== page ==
V  P  R

Contemporary Poetry and Poetics




My brother’s funeral over, the dark-clothed
        congregation clots the church doors, a lingering

aftermath moving into flat light.
        The sky low and swollen, a storm siren

begins sounding long, expansive notes, evenly
        measured, so loud the pauses in between

ring with aftersound. Used to it, no one here appears
        alarmed, and the church ladies, gravely industrious,

stream into his house bearing platters
        of fried chicken, devilled eggs, casseroles—

colorful, layered creations—congealed salads
        with fruit suspended inside.  All of it sand.

The muted television is tuned to the weather,
        a small area of warning now upgraded

to watch, the words streaming across the bottom
        of the screen calling conditions perfect, this town,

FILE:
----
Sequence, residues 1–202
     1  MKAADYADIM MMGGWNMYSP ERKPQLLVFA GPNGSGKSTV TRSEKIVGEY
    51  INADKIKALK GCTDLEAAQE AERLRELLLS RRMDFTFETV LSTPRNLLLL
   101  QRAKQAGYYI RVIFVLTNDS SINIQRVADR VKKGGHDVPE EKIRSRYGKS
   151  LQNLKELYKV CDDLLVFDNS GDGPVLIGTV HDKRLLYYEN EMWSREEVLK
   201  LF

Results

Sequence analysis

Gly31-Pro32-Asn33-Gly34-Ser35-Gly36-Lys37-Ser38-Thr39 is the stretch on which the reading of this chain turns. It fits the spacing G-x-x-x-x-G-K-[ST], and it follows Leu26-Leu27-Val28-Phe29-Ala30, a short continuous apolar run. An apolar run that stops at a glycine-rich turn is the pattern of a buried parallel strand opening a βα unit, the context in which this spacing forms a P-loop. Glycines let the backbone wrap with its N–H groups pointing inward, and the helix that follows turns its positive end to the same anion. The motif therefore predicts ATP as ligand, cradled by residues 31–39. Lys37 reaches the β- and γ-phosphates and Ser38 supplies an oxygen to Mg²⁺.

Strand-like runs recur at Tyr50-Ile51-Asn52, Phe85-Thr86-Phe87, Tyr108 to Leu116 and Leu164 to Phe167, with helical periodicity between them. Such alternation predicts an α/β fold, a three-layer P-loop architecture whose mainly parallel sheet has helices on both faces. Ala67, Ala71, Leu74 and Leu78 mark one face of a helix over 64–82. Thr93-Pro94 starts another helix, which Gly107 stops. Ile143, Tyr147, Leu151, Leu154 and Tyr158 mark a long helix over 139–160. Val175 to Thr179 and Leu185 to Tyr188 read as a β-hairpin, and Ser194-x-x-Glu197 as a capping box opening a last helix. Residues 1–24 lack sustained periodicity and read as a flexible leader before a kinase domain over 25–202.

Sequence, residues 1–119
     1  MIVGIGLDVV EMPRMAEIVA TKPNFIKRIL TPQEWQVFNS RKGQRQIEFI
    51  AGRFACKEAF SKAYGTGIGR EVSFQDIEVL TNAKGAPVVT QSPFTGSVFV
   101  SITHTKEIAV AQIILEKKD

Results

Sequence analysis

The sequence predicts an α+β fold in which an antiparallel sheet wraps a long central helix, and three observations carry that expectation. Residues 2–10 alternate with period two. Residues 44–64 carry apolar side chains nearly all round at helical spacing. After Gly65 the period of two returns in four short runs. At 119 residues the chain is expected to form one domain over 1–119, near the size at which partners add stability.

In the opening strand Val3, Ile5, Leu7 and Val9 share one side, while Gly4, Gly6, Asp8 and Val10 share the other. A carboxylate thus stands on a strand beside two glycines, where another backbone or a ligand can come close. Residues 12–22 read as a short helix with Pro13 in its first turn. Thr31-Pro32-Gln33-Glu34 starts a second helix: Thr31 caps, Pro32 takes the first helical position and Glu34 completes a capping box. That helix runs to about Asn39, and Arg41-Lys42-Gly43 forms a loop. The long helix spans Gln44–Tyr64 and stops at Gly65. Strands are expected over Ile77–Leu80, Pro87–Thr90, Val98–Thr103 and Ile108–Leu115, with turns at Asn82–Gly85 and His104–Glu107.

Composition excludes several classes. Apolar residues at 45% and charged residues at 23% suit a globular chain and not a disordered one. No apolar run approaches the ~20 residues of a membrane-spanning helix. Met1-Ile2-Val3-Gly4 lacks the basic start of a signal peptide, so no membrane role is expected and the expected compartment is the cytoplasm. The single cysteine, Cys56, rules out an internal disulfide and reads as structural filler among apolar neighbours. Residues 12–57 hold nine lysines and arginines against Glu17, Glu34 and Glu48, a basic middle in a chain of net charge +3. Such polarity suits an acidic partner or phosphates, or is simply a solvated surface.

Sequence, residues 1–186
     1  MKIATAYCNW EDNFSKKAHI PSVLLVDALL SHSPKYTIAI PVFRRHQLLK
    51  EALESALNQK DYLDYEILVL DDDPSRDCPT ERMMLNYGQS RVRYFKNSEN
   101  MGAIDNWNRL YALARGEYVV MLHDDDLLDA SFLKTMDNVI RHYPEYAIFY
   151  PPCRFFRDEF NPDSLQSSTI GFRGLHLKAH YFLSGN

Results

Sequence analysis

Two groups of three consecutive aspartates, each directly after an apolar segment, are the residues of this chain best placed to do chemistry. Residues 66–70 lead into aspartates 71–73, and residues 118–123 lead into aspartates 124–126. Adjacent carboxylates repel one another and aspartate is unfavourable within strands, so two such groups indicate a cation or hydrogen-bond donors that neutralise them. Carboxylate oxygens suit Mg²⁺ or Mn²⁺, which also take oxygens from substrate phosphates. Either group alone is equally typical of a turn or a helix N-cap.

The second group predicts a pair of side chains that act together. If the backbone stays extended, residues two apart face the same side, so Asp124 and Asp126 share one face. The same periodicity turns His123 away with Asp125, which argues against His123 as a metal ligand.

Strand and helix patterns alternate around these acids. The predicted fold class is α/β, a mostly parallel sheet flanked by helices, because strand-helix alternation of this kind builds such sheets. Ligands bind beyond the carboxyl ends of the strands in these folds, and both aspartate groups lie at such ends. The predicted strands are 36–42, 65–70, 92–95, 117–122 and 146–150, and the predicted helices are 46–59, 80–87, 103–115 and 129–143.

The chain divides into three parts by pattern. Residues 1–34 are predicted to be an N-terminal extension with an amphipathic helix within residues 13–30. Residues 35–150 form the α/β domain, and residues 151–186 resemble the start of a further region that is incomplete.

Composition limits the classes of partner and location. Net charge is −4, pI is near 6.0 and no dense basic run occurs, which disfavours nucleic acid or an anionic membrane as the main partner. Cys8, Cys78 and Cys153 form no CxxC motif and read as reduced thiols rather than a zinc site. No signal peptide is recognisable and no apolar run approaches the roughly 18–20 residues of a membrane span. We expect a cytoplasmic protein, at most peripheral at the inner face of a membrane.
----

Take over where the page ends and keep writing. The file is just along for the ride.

this house disappeared beneath the map’s isolated
        lesion, its red edges uneven, unmoving.

The forecasters rely they say on spotters,
        those who confirm what the radar cannot—

what they call ground truth; until then
        no one knows anything for certain

beyond this inward watching.  People mill
        around balancing heavy plates, the room

humming, an airless, crowded hive. Their mouths are full.
        They have no wings. I have come here too late,

his body gone, already ash. Its body
        could be forming now, tightening from cloud

to the gyre that will consume its path, all of it
        a becoming—spiraling a wall of dust,

 mud, sand, and water; with dispassion taking up
        into itself the fence line, a barn—the house

beside them spared with the same dispassion. Or this,
        more likely now: siren silenced, the winds

diminishing, the light, afternoon’s concession
        to another dusk—severe, more common truth.

© by Claudia Emerson


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